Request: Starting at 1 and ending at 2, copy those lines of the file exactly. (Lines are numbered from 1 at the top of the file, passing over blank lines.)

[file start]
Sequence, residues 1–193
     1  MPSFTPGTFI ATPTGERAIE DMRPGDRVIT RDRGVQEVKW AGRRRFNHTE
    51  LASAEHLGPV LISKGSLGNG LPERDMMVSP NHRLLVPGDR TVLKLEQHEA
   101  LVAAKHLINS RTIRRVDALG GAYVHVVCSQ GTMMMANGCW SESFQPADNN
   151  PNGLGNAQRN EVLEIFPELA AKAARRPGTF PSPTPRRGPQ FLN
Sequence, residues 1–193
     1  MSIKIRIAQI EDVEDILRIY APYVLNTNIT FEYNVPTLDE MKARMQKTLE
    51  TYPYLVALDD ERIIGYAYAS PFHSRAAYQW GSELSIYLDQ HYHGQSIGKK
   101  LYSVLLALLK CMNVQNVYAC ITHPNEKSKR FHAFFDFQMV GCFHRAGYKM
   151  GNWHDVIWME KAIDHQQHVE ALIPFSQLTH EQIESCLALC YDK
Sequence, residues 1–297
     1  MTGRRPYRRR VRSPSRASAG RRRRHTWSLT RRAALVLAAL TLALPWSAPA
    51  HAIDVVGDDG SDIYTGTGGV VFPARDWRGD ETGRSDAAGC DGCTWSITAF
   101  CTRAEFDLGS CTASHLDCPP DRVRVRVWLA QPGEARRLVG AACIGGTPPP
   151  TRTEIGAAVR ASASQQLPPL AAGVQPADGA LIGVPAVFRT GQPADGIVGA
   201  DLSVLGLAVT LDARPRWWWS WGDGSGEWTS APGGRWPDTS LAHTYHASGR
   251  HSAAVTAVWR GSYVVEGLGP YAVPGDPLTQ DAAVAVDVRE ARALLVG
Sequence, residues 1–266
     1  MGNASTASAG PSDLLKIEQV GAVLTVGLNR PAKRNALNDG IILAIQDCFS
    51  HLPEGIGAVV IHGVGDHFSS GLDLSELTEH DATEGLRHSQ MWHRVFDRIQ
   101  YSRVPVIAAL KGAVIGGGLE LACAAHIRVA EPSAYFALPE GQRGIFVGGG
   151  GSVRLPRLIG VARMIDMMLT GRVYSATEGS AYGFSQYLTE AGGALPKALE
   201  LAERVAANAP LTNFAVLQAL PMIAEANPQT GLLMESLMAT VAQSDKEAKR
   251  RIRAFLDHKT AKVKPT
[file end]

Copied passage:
Sequence, residues 1–193
     1  MPSFTPGTFI ATPTGERAIE DMRPGDRVIT RDRGVQEVKW AGRRRFNHTE